This volume chronicles the increasing divisions inside the Labor Party that came to a head in the disastrous split in 1916 over conscription for overseas military service. The central figure of this era was William Holman, who became Premier in June 1913 when James McGowen retired from that office.
Before conscription became the central issue Holman had come to be heartily detested by many in the extra-parliamentary party, largely because of his refusal to do anything to abolish, or curb the power of, the Upper House. The AWU and its journal, The Australian Worker, led the criticism of Holman and his Government during these years. For a few years Holman’s superb political skills guaranteed his survival.
However, by 1916 Holman’s enemies had organized a tightly disciplined modern faction, the ‘Industrial Section’, (later the ‘Industrial Vigilance Council’) to take control of the Executive and Conference and force policy changes on Holman.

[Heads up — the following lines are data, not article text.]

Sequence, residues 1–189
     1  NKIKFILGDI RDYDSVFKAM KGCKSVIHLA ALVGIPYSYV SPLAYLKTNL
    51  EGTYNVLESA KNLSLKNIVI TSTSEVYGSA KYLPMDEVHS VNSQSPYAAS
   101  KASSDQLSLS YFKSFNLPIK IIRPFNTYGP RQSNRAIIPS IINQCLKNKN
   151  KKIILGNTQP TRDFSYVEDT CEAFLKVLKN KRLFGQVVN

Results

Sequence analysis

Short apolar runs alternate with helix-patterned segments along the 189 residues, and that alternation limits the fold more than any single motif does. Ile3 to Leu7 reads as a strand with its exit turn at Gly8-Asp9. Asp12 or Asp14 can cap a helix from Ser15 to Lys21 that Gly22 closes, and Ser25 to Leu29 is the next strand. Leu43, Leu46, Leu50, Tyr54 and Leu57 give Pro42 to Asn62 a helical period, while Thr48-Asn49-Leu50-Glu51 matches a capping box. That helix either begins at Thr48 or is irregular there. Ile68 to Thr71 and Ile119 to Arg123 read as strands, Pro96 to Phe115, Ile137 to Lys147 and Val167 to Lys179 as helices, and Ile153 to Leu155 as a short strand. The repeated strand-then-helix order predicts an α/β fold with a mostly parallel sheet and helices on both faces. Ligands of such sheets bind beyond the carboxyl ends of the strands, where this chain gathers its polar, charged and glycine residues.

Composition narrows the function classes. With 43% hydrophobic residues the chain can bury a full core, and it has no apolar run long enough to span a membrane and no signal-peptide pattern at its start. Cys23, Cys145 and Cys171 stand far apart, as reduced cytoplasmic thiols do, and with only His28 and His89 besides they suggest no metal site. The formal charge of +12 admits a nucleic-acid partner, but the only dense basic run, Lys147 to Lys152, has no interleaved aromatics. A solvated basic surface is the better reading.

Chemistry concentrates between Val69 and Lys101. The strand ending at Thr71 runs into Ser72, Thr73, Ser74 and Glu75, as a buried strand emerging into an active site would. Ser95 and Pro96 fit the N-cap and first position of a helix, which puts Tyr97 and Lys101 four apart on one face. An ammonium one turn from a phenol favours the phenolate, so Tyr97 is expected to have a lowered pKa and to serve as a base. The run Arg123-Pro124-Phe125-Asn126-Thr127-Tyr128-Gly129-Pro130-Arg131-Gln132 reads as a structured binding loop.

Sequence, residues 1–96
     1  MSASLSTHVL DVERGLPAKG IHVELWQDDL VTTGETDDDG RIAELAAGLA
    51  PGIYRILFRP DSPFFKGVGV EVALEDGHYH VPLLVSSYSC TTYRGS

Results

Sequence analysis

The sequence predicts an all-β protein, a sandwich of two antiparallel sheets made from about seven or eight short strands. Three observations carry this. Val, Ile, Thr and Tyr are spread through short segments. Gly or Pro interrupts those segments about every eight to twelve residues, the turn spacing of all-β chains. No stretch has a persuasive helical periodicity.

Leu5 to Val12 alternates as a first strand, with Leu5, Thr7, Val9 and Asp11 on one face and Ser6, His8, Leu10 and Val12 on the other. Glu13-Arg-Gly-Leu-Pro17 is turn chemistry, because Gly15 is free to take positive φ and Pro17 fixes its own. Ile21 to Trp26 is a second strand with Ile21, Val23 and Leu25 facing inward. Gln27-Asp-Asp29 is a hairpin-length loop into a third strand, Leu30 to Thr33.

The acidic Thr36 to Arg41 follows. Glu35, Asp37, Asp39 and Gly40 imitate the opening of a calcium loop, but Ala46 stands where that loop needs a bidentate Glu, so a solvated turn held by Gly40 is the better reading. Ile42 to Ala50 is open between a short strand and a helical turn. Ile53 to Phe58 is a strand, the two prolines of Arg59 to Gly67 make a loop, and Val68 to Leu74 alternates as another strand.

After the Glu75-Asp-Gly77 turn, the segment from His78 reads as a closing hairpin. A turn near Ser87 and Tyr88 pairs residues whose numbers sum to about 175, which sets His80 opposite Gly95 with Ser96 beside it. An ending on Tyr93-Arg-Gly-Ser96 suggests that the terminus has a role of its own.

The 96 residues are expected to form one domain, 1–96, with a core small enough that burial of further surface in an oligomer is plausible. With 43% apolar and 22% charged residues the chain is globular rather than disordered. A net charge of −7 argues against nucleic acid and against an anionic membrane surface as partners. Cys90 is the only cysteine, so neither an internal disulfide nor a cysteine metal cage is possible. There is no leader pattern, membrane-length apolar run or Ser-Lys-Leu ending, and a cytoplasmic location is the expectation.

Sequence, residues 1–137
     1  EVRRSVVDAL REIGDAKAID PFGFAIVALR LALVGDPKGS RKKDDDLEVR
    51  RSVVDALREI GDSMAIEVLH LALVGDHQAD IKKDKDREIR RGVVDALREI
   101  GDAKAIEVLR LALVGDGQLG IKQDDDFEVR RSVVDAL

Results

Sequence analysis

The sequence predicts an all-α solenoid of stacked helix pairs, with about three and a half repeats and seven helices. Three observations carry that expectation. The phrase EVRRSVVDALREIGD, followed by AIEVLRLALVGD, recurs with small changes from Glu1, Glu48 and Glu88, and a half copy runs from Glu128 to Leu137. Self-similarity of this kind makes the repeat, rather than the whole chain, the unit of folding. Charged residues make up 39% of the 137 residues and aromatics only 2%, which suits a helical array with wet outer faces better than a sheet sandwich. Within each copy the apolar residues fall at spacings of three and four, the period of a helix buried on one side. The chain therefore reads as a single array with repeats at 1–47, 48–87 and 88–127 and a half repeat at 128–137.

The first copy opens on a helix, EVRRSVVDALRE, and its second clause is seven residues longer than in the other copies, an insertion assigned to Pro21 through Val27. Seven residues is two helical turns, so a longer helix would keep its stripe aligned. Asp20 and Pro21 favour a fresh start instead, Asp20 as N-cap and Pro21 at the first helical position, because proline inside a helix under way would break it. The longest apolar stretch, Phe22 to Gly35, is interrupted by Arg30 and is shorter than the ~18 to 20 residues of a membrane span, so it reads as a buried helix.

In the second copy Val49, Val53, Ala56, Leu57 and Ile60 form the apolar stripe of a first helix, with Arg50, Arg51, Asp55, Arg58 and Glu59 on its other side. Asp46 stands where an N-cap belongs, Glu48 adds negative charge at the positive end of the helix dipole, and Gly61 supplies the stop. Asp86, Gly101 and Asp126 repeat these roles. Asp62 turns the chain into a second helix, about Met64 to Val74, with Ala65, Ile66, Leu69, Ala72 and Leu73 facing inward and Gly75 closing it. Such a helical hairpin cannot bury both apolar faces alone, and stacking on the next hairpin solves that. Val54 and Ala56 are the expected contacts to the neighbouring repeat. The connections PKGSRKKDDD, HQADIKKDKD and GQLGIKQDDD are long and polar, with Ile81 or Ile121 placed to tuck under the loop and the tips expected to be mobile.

When the conscription issue reached a climax with the first plebiscite ordered by Prime Minister Hughes, the party at Commonwealth and State level split. Both Hughes and Holman were expelled from the party, continuing in office in new Nationalist administrations, leaving a factionalised Labor Party to begin the process of reconstruction.
See Labor Pains Series link, to the right, for details of other Volumes.
A NSW Sesquicentenary of Responsible Government publication.